Since the first isolation of Rift Valley fever virus (RVFV) in the 1930s, there have been multiple epizootics and epidemics in animals and humans in sub-Saharan Africa. Prospective climate-based models have recently been developed that flag areas at risk of RVFV transmission in endemic regions based on key environmental indicators that precede Rift Valley fever (RVF) epizootics and epidemics. Although the timing and locations of human case data from the 2006–2007 RVF outbreak in Kenya have been compared to risk zones flagged by the model, seroprevalence of RVF antibodies in wildlife has not yet been analyzed in light of temporal and spatial predictions of RVF activity. Primarily wild ungulate serum samples from periods before, during, and after the 2006–2007 RVF epizootic were analyzed for the presence of RVFV IgM and/or IgG antibody. Results show an increase in RVF seropositivity from samples collected in 2007 (31.8%), compared to antibody prevalence observed from 2000–2006 (3.3%). After the epizootic, average RVF seropositivity diminished to 5% in samples collected from 2008–2009. Overlaying maps of modeled RVF risk assessments with sampling locations indicated positive RVF serology in several species of wild ungulate in or near areas flagged as being at risk for RVF. Our results establish the need to continue and expand sero-surveillance of wildlife species Kenya and elsewhere in the Horn of Africa to further calibrate and improve the RVF risk model, and better understand the dynamics of RVFV transmission.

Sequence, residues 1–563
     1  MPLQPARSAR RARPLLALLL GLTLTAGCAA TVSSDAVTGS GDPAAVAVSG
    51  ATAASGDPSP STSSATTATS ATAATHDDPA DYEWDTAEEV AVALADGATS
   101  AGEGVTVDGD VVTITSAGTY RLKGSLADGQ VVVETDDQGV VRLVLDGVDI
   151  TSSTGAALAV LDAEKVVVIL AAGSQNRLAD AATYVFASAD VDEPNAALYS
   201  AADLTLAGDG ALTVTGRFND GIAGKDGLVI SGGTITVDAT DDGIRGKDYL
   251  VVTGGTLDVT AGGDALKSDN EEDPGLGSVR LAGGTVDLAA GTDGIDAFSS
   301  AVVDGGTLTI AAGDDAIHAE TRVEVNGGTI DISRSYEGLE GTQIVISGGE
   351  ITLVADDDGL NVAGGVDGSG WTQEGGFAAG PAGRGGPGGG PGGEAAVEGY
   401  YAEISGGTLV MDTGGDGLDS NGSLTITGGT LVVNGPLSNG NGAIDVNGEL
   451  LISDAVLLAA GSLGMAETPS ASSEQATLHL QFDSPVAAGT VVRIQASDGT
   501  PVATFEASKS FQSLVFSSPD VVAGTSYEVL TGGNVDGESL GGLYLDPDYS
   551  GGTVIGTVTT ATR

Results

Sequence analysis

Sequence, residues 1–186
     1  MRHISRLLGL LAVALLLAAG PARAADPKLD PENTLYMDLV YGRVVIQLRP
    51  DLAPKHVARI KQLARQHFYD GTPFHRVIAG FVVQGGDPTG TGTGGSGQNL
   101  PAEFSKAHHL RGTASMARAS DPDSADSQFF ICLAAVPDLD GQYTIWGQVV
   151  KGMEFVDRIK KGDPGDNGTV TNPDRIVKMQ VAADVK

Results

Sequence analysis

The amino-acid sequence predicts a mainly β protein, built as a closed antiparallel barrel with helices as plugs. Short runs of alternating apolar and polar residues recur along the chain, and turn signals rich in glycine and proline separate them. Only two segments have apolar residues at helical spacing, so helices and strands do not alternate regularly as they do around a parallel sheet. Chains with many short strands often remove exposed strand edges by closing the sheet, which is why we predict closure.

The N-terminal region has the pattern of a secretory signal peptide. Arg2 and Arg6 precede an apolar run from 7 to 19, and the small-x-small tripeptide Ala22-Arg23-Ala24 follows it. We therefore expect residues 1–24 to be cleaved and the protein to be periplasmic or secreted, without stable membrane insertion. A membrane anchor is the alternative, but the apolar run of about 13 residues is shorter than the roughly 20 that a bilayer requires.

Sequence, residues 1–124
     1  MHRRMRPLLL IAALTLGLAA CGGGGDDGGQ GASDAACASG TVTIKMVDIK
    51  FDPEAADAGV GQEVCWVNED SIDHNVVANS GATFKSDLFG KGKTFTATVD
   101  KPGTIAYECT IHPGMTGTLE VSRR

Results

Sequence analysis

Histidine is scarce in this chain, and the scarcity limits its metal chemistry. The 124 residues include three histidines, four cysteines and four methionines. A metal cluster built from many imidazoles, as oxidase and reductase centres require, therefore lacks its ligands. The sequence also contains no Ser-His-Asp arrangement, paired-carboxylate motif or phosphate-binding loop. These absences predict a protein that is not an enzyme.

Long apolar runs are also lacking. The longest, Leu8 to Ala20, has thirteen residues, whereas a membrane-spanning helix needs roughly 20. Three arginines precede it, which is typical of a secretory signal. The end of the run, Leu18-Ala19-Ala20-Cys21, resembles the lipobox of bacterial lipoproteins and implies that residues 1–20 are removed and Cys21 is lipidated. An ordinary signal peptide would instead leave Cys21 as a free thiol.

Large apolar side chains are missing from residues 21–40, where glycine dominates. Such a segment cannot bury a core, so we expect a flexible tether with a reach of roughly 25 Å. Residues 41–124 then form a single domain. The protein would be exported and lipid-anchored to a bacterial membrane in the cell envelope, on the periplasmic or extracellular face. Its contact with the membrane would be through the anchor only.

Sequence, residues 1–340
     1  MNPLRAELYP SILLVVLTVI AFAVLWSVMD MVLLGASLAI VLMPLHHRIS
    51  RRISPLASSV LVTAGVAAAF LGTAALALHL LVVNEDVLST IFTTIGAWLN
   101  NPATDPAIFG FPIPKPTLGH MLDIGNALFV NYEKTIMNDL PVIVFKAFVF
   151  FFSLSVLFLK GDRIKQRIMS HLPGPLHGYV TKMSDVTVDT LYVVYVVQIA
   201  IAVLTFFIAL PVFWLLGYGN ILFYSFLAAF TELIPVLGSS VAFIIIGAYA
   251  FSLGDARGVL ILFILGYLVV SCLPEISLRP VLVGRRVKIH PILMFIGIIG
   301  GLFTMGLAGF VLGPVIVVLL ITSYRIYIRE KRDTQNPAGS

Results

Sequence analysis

- vertical transmission
- vegetation index
- african buffalo
Britch, S. C., Binepal, Y. S., Ruder, M. G., Kariithi, H. M., Linthicum, K. J., Anyamba, A., Small, J. L., Tucker, C. J., Ateya, L. O., Oriko, A. A., Gacheru, S., & Wilson, W. C. (2013). Rift Valley Fever Risk Map Model and Seroprevalence in Selected Wild Ungulates and Camels from Kenya. PLoS ONE, 8(6), [e66626]. https://doi.org/10.1371/journal.pone.0066626